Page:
Saed Meshki: Your generation counterparts entered graphic design through painting. They were all either painting graduates or learned it by experience.
Aydin Aghdashloo: Because graphic design major did not exist at that time.
SM: And it is only natural that the designers of that time were mostly inclined towards illustration. Let's further discuss this subject, whether we should regard you more as a painter or graphic designer or a critic or all of the above.
AA: All of them and many other capacities I have worked in my life. You are right. As I remember it about 50 years ago when I started, graphic design emerged based on
illustration and it lacked much significance then. The most prominent illustrators of that time were Mohammad Bahrami and Byook Ahmari. There were other illustrators as well. Much later, Kamran Katouzian was the first who brought forth the idea of graphic design in advertising. He was a painter himself and had won a prize in the Tehran biennial. In the 1960's when he came up with the idea of commercial graphic design, graphic design had no status then. It is not exaggerating if we say that commercial graphic design in Iran started with Kamran Katouzian. In the 1950's the advertisements were very simple and in the form of gravure and other types of illustrations belonged to poetry and story books. Illustration and painting were so blended together that it was impossible to separate. In the 60's, besides Katouzian's idea of commercial graphic design, there was another institute that belonged to the late Hormozi and he did some challenging and strange advertisements. I worked in Gaam advertising agency which later I became a partner in. Up to1991 a part of my financial support came from working as full time graphic designer. Generally, at that period our generation had some kind of confusion. We looked for places to work in. Places where you could have peace and work with professionals. With the expectations that existed from graphic designers clients placed all kinds of weird and strange orders with them. I remember once someone asked me to design the label of a chewing gum called Santa Claus. I thought that was easy and I could just draw a Santa Claus but the client wanted me to draw a Santa that looked like a rooster because of the famous Rooster brand chewing gum! This period was very complicated and at times terrifying. We were a very lonely and deserted generation. Most of my generation people look back to their past with joy and admiration but I don't have that feeling. I believe it was a hard period and somewhat humiliating compared to other world graphic designers situation. Cultural graphic design then was not as prevalent as today. Our generation was self-sufficient and found their path on their own.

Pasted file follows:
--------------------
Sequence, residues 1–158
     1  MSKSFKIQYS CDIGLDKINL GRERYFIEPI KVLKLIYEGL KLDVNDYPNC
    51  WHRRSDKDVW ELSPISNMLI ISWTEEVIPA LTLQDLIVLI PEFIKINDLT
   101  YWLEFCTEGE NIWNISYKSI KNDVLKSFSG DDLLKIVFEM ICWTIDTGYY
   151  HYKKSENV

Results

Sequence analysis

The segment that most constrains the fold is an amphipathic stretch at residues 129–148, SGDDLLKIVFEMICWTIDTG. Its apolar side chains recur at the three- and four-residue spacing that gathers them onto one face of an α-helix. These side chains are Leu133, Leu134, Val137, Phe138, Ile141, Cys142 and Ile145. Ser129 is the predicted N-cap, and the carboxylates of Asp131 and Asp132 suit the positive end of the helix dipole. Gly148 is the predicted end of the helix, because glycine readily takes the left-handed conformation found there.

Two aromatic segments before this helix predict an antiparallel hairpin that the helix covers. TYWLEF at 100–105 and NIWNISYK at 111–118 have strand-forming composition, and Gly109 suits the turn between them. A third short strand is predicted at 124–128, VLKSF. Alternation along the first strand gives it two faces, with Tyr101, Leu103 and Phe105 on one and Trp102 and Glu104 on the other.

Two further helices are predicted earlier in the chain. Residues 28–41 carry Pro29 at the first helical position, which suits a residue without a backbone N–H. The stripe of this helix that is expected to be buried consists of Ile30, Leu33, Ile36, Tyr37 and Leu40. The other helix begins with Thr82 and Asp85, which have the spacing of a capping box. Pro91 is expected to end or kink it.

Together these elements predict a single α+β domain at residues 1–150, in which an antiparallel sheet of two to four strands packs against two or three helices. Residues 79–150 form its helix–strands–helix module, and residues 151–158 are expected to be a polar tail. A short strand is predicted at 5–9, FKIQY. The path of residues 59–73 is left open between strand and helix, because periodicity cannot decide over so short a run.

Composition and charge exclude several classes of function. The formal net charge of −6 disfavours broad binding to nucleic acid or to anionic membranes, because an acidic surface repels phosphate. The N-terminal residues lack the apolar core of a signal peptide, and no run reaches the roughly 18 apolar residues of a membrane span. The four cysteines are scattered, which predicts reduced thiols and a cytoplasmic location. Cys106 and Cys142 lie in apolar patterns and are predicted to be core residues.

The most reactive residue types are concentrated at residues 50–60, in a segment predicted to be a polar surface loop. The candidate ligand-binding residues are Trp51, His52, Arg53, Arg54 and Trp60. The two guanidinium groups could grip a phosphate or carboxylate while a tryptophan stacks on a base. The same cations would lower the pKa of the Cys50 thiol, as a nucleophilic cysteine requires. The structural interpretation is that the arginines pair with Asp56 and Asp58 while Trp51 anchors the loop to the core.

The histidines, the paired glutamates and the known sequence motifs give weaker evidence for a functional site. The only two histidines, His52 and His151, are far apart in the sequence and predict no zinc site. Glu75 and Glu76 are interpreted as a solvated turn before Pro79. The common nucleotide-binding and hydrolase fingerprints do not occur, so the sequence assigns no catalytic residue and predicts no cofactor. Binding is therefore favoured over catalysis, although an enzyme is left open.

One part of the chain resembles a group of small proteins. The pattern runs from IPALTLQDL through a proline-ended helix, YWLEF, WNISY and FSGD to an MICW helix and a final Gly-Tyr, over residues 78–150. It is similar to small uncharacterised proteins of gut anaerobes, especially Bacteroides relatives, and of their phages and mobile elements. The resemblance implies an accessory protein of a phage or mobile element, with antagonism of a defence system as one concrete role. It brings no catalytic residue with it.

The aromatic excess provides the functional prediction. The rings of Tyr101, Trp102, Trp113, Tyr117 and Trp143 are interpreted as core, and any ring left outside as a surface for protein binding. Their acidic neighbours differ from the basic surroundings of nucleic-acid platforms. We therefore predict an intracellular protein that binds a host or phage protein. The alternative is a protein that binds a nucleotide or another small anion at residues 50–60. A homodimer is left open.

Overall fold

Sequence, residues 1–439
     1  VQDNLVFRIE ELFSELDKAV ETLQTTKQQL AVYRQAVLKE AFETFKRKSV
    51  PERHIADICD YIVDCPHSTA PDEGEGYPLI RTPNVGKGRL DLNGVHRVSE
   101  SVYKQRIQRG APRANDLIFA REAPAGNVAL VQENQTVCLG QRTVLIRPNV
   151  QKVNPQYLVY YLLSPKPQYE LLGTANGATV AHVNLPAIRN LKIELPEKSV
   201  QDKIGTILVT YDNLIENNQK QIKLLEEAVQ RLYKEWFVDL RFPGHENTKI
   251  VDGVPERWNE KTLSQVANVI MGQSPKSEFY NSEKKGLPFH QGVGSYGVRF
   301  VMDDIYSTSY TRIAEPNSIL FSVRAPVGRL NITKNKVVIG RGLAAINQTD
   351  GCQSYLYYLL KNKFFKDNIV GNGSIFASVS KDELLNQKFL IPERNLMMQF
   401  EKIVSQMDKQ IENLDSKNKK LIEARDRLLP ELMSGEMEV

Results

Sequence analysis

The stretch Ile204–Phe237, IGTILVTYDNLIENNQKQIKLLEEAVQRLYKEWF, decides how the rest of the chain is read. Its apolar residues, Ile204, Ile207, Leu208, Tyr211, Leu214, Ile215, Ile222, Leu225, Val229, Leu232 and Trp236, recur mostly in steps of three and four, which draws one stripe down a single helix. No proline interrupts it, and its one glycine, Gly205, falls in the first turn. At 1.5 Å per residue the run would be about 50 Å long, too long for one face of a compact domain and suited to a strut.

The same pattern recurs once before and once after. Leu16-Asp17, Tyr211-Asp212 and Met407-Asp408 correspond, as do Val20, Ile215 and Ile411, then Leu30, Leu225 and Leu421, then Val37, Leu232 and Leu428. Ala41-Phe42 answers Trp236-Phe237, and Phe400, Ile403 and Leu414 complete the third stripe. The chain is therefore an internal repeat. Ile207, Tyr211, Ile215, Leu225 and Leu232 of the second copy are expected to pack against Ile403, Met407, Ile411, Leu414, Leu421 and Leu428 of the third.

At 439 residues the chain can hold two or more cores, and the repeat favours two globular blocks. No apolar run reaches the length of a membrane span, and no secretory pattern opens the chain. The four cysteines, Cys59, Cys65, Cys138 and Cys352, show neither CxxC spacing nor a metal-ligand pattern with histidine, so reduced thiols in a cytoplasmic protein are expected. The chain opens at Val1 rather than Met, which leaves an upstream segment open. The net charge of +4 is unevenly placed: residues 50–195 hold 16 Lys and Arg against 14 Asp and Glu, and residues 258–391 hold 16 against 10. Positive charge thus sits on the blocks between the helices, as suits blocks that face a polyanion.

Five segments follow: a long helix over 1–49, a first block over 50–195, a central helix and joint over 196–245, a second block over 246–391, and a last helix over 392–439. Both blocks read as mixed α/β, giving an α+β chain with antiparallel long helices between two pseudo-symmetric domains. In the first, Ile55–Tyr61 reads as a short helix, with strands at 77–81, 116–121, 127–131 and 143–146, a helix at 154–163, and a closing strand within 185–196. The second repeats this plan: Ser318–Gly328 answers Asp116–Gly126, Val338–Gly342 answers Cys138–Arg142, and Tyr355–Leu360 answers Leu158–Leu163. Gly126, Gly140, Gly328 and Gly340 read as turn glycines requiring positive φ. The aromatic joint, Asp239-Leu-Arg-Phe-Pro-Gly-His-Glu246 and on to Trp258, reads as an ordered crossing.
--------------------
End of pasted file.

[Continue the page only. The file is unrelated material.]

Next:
SM: My purpose of the first question is also to discuss your perspectives. You said in an interview that you are more of an illustrator than a painter. In the last biennial in your speech you mentioned that those posters drew your attention that had an illustrative quality. This is a very important subject whether the graphic design outlook is more towards art or design and the difference between graphic art and graphic design...